1. Archive


Coney turned heads as just a sophomore. Now he's training with the nation's elite.

By his own admission, Bennie Coney isn't "much of a beach guy." The Plant City quarterback will take a swimming pool over the ocean and sand any day.

All that changed this week.

"The beaches are just amazing," he said. "The beach was never really my thing, but these are crazy."

Coney spoke to the Times from Hawaii this week as he soaked up the rays and quarterbacking knowledge as a participant in Steve Clarkson's prestigious Dreammakers Super 7 retreat at the Grand Wailea Resort on the island of Maui.

"It's exciting out here because of the level of competition," Coney said. "Most camps you go to there isn't nearly this much talent. And you want to raise your game to be able to keep up with the guys out here."

The Dreammakers Super 7 features the top prep quarterbacks in the nation and is run by Clarkson, who is widely considered one of the premier quarterback coaches around. Clarkson, who is based in Los Angeles, has tutored the likes of NFL standouts Ben Roethlisberger, Matt Leinart and Jimmy Clausen. When Hall of Famer quarterback Joe Montana sought out a QB coach for his two sons, he placed a call to Clarkson.

"Everyone out here is so talented," Coney said. "It's an honor to be selected."

Coney earned the slot in Maui thanks to impressive showings at Clarkson's regional camps in Orlando and California.

"We wake up early in the morning and work on drills, then break to eat and work some more," Coney said. "Then later on in the day, we do some classes and get to bond with the other players out here."

In addition to the on-field tutelage, the players take classes to help them deal with potential future success, both financial and personal. The players also attend workshops on dealing with the media.

"Bennie is such a mature kid, and he not only leads by what he says, but by what he does," Plant City coach Wayne Ward said. "He carries himself a certain way that the kids all respect."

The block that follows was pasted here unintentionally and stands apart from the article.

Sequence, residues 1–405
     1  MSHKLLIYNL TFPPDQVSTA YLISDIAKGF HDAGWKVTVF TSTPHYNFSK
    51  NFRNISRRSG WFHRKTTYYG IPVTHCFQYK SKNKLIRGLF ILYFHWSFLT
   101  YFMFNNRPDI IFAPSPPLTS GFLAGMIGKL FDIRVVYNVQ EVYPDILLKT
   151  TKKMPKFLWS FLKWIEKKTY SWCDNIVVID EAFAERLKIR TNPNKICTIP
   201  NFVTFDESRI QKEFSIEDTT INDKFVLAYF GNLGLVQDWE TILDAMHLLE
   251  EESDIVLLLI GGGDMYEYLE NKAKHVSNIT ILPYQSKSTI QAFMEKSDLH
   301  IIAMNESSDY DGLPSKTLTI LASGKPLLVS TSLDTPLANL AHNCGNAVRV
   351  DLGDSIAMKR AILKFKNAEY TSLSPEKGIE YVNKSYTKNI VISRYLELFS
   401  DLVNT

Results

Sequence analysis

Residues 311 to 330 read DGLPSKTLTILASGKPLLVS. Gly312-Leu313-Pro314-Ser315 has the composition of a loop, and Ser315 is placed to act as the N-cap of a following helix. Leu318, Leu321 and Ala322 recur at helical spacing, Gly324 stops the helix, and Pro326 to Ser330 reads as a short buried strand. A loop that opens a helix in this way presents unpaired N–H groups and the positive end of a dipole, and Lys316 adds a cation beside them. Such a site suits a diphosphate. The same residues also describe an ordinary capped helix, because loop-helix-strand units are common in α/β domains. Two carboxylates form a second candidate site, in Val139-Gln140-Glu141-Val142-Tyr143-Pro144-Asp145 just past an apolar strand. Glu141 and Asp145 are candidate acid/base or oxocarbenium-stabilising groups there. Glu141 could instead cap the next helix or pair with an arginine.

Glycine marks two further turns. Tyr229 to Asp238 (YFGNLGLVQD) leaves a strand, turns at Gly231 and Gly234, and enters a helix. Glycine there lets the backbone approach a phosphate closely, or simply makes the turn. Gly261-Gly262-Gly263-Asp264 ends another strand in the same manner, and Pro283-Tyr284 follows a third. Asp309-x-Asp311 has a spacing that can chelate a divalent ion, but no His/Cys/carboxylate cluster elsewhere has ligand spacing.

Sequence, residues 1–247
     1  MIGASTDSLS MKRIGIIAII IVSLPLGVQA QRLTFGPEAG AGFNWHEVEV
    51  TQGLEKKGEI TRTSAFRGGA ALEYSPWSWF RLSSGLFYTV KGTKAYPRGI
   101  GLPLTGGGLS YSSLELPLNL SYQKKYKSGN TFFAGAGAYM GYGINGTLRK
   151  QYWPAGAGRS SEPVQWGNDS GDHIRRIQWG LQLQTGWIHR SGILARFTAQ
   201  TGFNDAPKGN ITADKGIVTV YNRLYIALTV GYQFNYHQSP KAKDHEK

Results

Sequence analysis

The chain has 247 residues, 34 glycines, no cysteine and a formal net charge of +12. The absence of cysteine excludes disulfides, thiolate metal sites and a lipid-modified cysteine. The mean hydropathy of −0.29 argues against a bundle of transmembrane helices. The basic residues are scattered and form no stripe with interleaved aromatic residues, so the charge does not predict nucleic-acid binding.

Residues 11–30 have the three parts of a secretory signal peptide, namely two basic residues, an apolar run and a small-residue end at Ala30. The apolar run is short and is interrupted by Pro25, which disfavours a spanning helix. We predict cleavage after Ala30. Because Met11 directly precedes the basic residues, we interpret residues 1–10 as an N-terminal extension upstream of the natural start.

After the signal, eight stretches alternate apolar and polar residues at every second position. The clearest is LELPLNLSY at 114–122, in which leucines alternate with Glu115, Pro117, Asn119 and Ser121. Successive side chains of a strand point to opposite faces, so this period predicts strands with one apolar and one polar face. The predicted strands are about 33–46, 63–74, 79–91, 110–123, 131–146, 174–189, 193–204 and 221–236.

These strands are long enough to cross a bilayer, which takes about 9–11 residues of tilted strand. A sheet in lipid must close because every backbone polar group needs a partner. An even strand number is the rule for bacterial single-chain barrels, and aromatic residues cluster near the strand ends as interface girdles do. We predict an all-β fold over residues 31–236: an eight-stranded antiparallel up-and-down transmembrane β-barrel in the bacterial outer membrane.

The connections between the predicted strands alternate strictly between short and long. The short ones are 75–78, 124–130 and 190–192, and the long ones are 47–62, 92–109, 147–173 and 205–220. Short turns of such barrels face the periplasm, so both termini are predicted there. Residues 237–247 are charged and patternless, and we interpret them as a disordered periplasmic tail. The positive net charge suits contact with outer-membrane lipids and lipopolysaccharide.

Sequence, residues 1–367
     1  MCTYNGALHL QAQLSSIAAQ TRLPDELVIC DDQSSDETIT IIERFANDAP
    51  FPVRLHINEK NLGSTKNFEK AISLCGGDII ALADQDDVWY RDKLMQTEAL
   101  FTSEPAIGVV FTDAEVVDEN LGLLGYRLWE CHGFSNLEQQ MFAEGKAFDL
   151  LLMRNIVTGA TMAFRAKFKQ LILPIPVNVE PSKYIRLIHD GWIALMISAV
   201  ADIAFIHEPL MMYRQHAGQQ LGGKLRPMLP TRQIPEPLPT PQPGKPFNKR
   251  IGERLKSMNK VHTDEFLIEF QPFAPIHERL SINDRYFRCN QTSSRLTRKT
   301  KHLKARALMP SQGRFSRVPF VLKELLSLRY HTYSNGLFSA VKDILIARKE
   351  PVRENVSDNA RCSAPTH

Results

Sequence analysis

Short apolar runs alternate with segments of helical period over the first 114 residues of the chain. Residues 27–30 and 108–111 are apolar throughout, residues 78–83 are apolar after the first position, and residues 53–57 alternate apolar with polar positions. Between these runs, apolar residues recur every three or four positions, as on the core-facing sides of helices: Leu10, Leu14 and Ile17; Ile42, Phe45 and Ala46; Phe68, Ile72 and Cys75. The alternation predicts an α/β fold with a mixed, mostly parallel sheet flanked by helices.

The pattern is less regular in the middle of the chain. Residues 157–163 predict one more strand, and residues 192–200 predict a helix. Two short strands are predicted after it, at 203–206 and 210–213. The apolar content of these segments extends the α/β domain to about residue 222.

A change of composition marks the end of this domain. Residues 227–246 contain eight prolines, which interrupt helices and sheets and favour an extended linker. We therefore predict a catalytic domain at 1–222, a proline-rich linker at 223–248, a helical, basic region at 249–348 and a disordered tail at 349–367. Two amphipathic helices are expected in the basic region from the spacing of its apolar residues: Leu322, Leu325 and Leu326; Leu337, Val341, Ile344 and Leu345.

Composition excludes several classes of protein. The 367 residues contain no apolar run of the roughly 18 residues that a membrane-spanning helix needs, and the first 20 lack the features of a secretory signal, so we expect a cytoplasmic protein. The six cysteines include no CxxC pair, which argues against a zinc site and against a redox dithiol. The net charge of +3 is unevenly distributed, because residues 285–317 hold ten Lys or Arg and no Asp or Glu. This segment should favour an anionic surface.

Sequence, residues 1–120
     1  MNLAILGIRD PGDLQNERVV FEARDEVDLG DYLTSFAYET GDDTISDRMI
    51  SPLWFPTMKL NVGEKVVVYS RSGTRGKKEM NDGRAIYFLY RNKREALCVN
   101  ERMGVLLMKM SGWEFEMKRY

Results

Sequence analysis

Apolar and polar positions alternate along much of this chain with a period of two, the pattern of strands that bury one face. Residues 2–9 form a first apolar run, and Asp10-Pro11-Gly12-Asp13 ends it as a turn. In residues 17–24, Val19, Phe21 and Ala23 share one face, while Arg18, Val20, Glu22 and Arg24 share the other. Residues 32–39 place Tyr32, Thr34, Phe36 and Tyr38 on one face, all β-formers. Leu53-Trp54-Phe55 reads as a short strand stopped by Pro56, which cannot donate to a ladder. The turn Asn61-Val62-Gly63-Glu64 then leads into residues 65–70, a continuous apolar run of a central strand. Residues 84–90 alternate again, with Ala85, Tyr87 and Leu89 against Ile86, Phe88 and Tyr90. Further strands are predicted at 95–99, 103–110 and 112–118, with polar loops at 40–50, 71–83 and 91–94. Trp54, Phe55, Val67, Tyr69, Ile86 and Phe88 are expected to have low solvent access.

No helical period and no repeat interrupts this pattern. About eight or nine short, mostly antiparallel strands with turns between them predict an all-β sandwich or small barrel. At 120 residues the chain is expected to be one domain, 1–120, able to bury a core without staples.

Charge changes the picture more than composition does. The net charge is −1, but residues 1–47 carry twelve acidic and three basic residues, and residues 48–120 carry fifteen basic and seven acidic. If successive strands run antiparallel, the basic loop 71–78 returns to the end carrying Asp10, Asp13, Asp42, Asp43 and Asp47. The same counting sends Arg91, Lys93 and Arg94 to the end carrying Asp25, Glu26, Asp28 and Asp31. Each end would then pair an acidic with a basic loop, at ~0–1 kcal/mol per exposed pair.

Coney's rise onto the national recruiting radar has been rapid. As a sophomore, Coney helped erase the memory of a 3-7 2008 season, leading Plant City to a 7-4 mark and a playoff berth last year. Although his numbers weren't spectacular - Coney threw for 1,613 yards, 14 TDs and 16 interceptions - his potential was evident.

"All this has happened so fast," Coney said. "I didn't expect this much attention this fast, but it has been awesome."

Coney already possesses the prototypical quarterback build (6-foot-2, 205 pounds) and continues to get bigger. Ward said Coney has "put on at least 10 pounds of muscle" since the Spring Game.

"Bennie is by far the hardest worker on the team," Ward said. "And we have a lot of young kids here, and they see what he's doing and follow suit."

After turning heads at Auburn's 7-on-7 Tournament last month, the Tigers became the latest school to extend Coney a verbal scholarship offer. Add that to verbal offers from Michigan, Michigan State, Minnesota, Purdue, Texas Tech, USF and Wake Forrest. All of this for a kid who hasn't even taken a snap in his junior season yet.

"Bennie sees what it takes to get a scholarship at the Division-I level," Ward said. "He has matured so much dramatically on and off the field. He's a special player."

Have a local sports story that we should cover? Contact Brandon Wright at